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Here is how the Federal Reserve could spark a ‘Santa Claus’ stock rally

Scott Gamm
Reporter
A man dressed as Santa Claus Credit: BORIS HORVAT/AFP/Getty Images

After a bruising few months for stocks, investors are banking on a ‘Santa Claus’ rally to close out 2018.

Even with just a handful of trading sessions left in 2018, there is still one remaining catalyst that could spark a stock rally: the Federal Reserve.

The market is pricing in a 78% chance the Fed announces a rate hike Wednesday, when it wraps up its two-day policy meeting, according to CME futures data.

The rate hike itself wouldn’t spark the rally. In fact, rate hikes make stocks less attractive. But this rate hike is so priced in, that not going forward with it could signal that the Fed is worried about the economy. This would be the Fed’s fourth interest rate hike of 2018. It was in June that the Fed telegraphed this fourth rate hike.

Instead, the stock rally could be sparked by the Fed’s guidance about monetary policy in 2019.

“For U.S. stocks to drift higher this week, the Fed will have to strike an easier tone about future rate hikes without signaling undue concerns about U.S. economic growth,” wrote Nick Colas, co-founder of DataTrek Research, in a note to clients Monday.

But doing so may force them to downgrade U.S. economic growth forecasts for 2019, Colas said.

“Changing course on rates without that air cover will make it look like the Fed is targeting asset price volatility (a.k.a. the “Fed Put”) or - worse - that the central bank is taking orders from the White House,” Colas noted, referring to President Trump’s months-long criticism — which occurred as recently as Monday — of the Fed’s monetary tightening.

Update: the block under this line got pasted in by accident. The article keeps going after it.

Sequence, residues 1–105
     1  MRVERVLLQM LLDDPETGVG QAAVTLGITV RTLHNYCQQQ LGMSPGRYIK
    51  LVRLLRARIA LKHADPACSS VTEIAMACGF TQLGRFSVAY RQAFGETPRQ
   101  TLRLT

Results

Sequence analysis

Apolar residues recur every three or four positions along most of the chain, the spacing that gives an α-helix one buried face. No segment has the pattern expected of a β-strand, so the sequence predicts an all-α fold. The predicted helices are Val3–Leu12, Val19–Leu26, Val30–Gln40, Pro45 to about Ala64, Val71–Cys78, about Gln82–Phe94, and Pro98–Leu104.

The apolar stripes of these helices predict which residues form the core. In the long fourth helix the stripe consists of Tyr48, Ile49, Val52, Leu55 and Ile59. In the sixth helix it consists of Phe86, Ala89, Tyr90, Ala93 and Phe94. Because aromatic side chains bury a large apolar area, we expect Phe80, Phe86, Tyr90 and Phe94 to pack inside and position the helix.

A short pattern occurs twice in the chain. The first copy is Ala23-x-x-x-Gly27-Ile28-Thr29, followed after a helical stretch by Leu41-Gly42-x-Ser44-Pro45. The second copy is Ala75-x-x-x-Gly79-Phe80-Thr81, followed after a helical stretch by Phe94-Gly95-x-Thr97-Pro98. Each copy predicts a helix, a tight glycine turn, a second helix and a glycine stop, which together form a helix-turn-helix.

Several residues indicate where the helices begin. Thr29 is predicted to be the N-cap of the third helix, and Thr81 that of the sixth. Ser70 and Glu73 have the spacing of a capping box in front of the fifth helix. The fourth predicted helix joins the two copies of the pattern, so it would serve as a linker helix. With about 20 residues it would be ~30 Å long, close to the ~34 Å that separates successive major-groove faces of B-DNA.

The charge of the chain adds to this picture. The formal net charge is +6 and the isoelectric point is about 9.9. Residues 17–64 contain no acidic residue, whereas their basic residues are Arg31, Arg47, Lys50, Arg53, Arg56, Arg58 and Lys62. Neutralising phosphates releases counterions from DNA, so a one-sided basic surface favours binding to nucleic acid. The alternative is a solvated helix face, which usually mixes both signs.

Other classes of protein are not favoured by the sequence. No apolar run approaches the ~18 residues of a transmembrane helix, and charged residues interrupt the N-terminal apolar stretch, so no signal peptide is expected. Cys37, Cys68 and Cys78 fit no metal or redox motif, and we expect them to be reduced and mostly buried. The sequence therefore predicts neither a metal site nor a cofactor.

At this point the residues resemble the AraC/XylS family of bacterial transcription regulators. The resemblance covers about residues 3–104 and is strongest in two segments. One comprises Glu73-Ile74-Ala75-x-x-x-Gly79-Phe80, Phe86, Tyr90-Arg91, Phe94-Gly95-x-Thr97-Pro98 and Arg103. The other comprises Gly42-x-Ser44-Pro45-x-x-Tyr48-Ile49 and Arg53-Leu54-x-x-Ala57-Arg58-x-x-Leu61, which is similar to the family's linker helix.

The Fed is currently forecasting 2.5% GDP growth for 2019. Fresh projections from the Fed are due Wednesday.

If Colas is right, the question becomes: Will the market be able to brush off a dimmer economic outlook in exchange for a more dovish interest rate outlook?

Meanwhile, the Fed’s statement on Wednesday, roughly 200 words in length, will be scrutinized by investors.

“The Fed could delete the words ‘gradual increases’ — meaning a hike every quarter is no longer a working assumption,” said Danielle DiMartino Booth, a former Fed advisor and CEO of Quill Intelligence, in an interview with Yahoo Finance. “That would take March off the table in theory and could spark a rally, even if based only on technicals, that could run into year-end.”

The Fed has started to use the phrase “gradual increases” when referring to interest rate hikes in its statements starting in June. Prior to that, many of the statements included the phrase “gradual adjustments.”

“Investors are hungry for even a morsel of dovishness, and what they do not say could be even more powerful than what they do say,” Booth noted.

For investors looking to play the possible ‘Santa Claus’ rally, Colas sees technology stocks as the biggest beneficiary.

The tech-heavy Nasdaq Composite (^IXIC) is down 15.5% since its Aug. 31 high.

David Bahnsen, chief investment officer and managing partner of The Bahnsen Group, is eyeing this stock playbook if the Fed issues more accommodative language on Wednesday:

  • Emerging markets on dollar reversal and hopeful trade resolution

  • Financials on stabilized, if not widening, yield curve

  • Energy on capital expenditure boom and China trade imports

And for investors worried about how time is running out for a year-end rally, the traditional definition of a ‘Santa Claus’ rally is the last five trading sessions of December and the first two trading sessions of January.

There’s still plenty of time to rally.

Scott Gamm is a reporter at Yahoo Finance. Follow him on Twitter @ScottGamm.

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